Jessica and I spent today in full-on tourist mode in Philadelphia, walking its streets and exploring its rich heritage.
Philadelphia, home to the Liberty Bell and the American constitution; the city where the founding fathers toiled at their work, forging a revolution and a country; home to the country’s first library and its first bank; in many ways, the birthplace of the modern world.
Yeah, yeah, yeah. Whatever. Here’s the important part: today I had my first ever Philly cheesesteak.
Every Philadelphian has a very strong opinion about where the best cheesesteak in the city is to be had, and we went with a highly-recommended, very popular spot: Jim’s. There was a line out the door. This is a daily occurrence.
When you eventually get to the point of ordering, you are strongly encouraged to quickly and clearly state your cheese choice and onion preference (a Boolean value). Then you pay. Then you find a seat, if you’re lucky. Then you eat.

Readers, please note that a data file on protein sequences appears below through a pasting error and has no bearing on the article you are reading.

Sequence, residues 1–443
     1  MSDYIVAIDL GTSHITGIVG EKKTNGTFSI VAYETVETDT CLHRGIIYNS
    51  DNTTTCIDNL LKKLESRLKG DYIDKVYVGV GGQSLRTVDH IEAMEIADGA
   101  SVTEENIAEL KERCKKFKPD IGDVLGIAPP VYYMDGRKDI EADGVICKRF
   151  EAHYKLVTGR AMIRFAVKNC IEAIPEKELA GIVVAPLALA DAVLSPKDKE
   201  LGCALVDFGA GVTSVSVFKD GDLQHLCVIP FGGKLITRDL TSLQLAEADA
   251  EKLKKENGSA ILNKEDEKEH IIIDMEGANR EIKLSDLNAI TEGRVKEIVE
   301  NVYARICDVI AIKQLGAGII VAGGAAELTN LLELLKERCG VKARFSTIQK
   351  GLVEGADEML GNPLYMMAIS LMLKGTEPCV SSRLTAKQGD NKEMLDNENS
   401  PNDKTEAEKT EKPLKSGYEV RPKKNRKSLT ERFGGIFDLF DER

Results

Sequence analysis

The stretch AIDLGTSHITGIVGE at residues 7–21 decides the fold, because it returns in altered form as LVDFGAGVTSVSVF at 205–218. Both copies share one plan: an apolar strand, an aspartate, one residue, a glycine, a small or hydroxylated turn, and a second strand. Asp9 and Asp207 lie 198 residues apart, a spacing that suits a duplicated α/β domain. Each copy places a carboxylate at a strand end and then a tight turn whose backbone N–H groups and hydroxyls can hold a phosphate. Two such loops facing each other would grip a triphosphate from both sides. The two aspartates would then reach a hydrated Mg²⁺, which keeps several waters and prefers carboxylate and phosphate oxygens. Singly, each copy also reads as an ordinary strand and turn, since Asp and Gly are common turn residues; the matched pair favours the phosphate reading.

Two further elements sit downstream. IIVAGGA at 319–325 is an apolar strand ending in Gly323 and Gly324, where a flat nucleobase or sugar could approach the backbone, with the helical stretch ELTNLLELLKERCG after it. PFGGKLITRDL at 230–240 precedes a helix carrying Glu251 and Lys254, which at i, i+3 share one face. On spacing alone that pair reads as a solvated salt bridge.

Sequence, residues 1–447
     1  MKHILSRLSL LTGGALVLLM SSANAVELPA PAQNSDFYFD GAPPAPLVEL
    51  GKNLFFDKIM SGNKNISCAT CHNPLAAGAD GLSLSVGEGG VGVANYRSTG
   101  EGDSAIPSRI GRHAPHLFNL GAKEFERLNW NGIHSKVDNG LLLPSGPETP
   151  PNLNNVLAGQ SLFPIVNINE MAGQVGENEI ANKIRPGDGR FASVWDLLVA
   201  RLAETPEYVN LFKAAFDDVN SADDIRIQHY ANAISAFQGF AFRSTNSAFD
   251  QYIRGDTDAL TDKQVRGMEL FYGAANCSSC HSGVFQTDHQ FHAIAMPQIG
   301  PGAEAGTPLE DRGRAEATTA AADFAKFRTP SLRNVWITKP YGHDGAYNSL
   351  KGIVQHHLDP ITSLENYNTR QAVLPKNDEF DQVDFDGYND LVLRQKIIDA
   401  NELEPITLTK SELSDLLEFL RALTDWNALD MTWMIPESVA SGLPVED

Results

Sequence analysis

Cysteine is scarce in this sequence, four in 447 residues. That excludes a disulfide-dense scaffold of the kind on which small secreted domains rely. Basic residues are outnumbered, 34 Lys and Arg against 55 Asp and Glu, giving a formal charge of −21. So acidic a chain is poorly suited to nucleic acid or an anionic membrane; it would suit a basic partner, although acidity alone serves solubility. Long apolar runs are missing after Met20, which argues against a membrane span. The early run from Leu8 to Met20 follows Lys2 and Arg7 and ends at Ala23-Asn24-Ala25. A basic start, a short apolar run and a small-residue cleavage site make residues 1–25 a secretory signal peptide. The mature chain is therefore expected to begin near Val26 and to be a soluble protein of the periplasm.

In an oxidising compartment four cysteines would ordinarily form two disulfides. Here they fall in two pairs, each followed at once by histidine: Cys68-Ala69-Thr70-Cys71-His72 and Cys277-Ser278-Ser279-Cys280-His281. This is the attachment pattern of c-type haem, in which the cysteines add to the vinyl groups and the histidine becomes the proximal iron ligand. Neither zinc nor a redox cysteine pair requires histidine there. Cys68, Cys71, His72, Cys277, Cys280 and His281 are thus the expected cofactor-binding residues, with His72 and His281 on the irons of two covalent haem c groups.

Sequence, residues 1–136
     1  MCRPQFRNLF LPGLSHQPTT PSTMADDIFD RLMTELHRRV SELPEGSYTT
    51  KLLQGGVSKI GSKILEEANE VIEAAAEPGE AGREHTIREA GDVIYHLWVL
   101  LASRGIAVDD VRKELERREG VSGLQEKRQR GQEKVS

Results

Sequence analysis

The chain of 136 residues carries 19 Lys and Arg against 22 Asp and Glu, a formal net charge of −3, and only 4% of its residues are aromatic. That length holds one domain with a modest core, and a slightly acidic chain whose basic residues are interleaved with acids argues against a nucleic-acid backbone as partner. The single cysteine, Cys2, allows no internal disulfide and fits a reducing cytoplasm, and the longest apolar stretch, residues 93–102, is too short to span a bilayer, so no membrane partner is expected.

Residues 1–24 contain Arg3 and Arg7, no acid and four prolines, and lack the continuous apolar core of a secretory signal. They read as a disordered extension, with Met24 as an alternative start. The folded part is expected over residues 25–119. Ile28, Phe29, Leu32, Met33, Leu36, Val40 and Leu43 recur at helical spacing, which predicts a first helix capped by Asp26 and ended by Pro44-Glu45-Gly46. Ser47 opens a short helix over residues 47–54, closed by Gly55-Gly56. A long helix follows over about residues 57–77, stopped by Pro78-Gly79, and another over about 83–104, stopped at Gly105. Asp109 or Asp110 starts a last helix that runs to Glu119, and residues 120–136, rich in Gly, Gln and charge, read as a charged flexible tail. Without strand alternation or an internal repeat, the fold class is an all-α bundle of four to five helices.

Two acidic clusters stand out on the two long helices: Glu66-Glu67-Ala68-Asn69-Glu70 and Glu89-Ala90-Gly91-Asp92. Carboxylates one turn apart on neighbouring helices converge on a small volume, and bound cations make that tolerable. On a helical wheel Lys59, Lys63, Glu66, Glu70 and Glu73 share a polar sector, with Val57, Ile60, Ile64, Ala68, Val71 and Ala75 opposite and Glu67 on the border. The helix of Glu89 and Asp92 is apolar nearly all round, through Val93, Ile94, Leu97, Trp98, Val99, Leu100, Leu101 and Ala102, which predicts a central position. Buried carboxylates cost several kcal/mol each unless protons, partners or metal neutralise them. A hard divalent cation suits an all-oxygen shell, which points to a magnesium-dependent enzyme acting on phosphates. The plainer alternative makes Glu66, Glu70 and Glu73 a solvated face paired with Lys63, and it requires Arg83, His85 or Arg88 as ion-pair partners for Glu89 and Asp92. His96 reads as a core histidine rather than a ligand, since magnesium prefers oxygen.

On the recommendation of the internet, I went with the cheese wiz option. Technically, I’m not even sure if it’s actually a cheese. But boy, it sure works a treat in combination with the delicious beef and onions. The cheese wiz acted as a mayonnaise-like lubricant as well as a flavour ingredient. All in all, it was absolutely superb. If all cheesesteaks are this good, I can understand this city’s pride in—and obsession with—its contribution to the sandwich world.
After that we wandered around and took in the sights until it was time to meet up with Jenn and Sutter for a beer at sunset while watching an infinite supply of joggers run up the Rocky steps and raise their arms in the air at the summit.